With all the high profile legal reforms hitting the headlines on the subject of gambling, there is a perception, both within the USA and overseas, that the spirit of Las Vegas has spread across the land from coast to coast. The truth is a little different. More than 30 states have now legalized sports betting, and in all but a handful of cases, that extends to placing wagers online. Yet where casino gaming is concerned, it is a different story.
In fact, only six states have passed legislation making it legal to operate an online casino within their borders. Despite this, many players still gamble with their luck to play jackpot games online. Here, we’ll take a look at which states they are, whether others are likely to join them and exactly where individuals stand if they want to log on to a casino to try their luck.
Which states have legalized?
In the early days of the internet, online casinos were prohibited under the Wire Act. Then in 2011, lottery officials from New York and Illinois requested a clarification from the DoJ, as they wished to sell lottery tickets online. The answer gave them all that and more, as the DoJ ruled that the Wire Act applied only to sports betting. It opened the door to most forms of casino gaming, as well as lotteries and poker.
Only six states have chosen to pass through that door, however and to legalize either online casino games, online poker or both. These are Connecticut, Delaware, Michigan, Nevada, New Jersey, Pennsylvania and West Virginia.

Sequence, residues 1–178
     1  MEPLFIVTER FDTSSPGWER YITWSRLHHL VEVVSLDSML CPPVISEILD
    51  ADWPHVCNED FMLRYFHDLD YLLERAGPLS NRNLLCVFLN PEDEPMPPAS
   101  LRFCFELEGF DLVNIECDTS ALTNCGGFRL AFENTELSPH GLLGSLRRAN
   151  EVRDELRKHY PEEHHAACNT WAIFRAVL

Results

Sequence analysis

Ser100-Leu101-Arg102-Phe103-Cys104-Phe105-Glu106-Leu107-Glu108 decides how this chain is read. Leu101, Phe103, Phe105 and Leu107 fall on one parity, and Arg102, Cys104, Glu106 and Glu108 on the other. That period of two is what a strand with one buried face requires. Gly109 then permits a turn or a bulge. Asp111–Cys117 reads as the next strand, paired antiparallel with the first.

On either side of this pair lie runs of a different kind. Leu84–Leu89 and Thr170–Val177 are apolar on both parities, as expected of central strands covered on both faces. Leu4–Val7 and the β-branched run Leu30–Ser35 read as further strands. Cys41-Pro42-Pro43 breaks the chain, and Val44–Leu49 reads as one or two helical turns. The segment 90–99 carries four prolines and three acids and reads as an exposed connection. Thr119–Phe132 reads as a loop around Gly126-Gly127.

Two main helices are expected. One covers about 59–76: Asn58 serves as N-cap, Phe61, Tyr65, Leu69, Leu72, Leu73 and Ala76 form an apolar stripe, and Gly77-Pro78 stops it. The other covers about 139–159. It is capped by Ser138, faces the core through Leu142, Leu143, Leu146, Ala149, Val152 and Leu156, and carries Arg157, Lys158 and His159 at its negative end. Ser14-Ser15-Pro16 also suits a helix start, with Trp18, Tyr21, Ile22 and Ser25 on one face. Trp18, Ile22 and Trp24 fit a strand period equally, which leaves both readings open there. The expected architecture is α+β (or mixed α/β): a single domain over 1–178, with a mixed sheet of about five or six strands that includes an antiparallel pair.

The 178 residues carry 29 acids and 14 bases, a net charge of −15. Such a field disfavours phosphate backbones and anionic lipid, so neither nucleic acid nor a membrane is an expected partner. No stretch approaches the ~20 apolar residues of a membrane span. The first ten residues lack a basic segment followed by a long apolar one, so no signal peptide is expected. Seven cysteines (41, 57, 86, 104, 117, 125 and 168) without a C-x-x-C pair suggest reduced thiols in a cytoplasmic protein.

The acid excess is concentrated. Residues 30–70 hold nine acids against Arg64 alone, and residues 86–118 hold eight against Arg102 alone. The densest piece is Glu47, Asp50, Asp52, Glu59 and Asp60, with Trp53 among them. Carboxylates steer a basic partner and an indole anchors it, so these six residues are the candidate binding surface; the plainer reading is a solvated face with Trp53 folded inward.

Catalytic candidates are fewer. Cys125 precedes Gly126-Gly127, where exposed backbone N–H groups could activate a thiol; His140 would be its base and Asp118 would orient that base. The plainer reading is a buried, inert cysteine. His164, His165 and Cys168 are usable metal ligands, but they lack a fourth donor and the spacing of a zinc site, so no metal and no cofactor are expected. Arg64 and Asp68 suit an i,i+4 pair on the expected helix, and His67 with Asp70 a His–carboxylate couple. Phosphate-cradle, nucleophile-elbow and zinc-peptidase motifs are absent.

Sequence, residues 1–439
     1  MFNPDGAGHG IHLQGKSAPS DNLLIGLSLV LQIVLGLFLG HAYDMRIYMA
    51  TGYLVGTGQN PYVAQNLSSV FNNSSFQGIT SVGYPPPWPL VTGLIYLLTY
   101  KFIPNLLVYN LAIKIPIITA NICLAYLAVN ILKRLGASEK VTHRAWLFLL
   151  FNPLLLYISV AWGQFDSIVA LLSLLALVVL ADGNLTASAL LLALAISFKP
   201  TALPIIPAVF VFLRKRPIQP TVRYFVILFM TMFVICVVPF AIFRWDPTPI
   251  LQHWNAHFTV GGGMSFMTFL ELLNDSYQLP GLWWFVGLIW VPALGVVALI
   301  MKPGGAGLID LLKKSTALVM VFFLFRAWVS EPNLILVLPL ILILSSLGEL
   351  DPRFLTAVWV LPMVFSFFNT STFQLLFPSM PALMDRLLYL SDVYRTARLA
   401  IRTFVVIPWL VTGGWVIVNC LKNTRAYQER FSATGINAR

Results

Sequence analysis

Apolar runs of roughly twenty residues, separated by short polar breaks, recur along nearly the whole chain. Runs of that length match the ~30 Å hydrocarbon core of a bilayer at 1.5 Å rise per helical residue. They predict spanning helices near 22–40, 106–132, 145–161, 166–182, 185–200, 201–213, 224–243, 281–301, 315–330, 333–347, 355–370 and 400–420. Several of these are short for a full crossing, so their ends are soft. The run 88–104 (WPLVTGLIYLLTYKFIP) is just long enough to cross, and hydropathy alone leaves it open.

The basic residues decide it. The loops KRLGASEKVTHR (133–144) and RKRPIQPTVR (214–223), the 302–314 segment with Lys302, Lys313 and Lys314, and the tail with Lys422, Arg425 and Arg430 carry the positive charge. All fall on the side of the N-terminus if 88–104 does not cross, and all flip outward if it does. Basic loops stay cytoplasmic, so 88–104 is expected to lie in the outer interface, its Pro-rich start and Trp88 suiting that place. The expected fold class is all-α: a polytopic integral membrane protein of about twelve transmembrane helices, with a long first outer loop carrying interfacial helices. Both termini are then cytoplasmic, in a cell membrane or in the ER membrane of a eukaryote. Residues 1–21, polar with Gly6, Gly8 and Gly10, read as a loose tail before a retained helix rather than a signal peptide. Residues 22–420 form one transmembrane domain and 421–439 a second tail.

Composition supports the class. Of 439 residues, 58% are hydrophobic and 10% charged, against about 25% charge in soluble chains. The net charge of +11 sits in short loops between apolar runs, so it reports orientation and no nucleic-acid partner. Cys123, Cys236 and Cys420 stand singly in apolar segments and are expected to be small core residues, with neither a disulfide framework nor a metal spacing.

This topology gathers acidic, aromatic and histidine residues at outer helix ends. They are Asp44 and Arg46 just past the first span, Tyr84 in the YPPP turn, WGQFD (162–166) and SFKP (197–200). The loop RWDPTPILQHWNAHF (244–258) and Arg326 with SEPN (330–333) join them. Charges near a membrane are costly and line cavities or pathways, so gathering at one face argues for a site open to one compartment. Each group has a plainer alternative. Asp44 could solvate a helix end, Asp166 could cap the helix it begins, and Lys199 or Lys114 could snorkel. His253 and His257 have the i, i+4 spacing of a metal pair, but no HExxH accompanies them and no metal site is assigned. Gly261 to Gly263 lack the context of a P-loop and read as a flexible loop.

Will more states legalize online casinos?
Public consensus and potential tax dollars are powerful political drivers, which is why so many states have legalized sports betting. But online casinos have proved to be more controversial from a political standpoint. Florida online gambling is a case in point. While Floridians can freely visit whatever online casinos they wish, the plan to launch web-based gambling operations within state was frozen when it had barely started due to wrangling between the Senate, the Seminole tribe and the pari-mutuels.
Similar issues exist in California, which would otherwise be a likely candidate for legalization. As things stand, New York, Illinois and Indiana are probably the three states most likely to push through legislation over the next 12 months.
Still plenty of options for gamblers
All this is highly frustrating for gambling businesses hoping to launch online operations across the United States, and for state officials who see the potential for millions of tax dollars. But for players themselves, it is only a minor inconvenience. The law applies to operating online casinos, not to playing at them, and there are dozens of offshore platforms that American citizens can visit without breaking any laws.
The potential inconvenience is that banks in most states are prohibited from facilitating this activity. This means gamblers cannot make direct deposits and withdrawals, but instead use alternative payment methods. Bitcoin is rapidly becoming the method of choice, and a growing number of offshore crypto casinos are actively pitching the US market.